WASHINGTON The Treasury Department has approved 10 of the nation s largest banks to repay $68 billion in government bailout money.
The department on Tuesday said the banks, which were not named, will be allowed to repay the money they received from the $700 billion Troubled Asset Relief Program created by Congress last October at the height of the financial crisis.
The banks have been eager to get out of the program to escape government restrictions such as caps on executive compensation.
Among the banks that passed government stress tests last month and likely were approved to repay the bailout funds are: Goldman Sachs Group Inc., JPMorgan Chase & Co., and American Express Co.
Experts say allowing 10 banks to return $68 billion in bailout money illustrates some stability has returned to the system but caution that the crisis isn t over. Some worry the repayments could widen the gap between healthy and weak banks.
More than 600 banks nationwide have received nearly $200 billion in TARP money and 22 smaller banks already have repaid it.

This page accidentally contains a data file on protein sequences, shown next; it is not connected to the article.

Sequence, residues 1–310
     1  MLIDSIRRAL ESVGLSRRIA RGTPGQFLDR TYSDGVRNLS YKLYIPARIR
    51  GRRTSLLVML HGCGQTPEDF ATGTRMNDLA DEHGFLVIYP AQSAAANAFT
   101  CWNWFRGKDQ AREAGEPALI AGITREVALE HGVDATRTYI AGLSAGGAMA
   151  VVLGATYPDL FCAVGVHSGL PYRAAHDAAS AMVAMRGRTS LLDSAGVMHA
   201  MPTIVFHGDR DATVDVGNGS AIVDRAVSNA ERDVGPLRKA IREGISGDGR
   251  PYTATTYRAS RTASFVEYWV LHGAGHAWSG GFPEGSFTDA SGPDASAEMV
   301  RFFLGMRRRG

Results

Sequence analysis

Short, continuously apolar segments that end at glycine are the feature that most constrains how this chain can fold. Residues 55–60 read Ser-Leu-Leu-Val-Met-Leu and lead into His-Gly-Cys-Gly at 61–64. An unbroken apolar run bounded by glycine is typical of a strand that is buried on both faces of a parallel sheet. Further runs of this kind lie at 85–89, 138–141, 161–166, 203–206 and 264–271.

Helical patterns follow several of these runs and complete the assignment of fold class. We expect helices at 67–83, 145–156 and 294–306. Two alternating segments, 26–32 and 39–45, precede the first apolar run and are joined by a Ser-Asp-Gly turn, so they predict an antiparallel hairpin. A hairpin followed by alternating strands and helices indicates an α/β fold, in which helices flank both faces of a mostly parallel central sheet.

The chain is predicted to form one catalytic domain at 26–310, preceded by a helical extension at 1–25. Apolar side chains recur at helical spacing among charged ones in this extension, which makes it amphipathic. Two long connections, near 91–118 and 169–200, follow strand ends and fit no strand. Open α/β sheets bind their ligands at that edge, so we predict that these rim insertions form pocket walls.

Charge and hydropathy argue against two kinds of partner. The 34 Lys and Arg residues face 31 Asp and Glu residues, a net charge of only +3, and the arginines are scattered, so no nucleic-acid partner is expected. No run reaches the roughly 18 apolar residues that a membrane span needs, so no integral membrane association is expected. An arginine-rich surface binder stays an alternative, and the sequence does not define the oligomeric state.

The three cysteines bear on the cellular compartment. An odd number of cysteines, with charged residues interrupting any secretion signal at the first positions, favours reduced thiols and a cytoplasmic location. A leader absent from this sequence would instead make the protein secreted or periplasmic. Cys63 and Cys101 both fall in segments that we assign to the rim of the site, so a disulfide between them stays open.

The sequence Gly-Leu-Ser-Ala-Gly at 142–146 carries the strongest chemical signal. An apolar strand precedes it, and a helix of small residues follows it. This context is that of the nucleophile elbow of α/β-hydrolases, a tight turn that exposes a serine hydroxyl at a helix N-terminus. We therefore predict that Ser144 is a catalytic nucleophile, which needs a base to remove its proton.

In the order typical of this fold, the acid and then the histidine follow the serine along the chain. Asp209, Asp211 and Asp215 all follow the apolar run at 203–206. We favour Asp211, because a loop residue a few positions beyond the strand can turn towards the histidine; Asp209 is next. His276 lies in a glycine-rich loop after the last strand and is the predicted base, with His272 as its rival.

These repayments are an encouraging sign of financial repair, but we still have work to do, Treasury Secretary Tim Geithner said in a statement.
The firms now have the right to purchase the warrants Treasury holds in their firm at fair market value. Besides Treasury s potential income from the sale of the warrants, the 10 banks already have paid dividends on the preferred stock totaling about $1.8 billion over the last seven months.
Dividend payments received for all participants are about $4.5 billion to date, according to Treasury.
Northern Trust Corp. was not among the 19 banks subjected to stress tests, but that company also was in line to receive repayment permission, according to two industry sources with knowledge of the matter who requested anonymity because they were not authorized to discuss it.
The push to repay the funds comes a month after stress tests of the nation s 19 largest financial firms found that 10 needed to raise $75 billion more to protect against future losses. All of those banks, including Citigroup Inc. and Bank of America Corp., had submitted plans by late Monday to bolster their capital cushions that were enough to help them survive a deeper recession, the Federal Reserve said.
The other nine institutions had to prove they could raise enough private capital without federal guarantees before they could return the money.
So far, 16 of the 19 banks have raised $75.2 billion, mostly by selling common stock.
Regulators want to avoid letting a bank repay its TARP money only to have it return months later in worse shape, seeking another handout.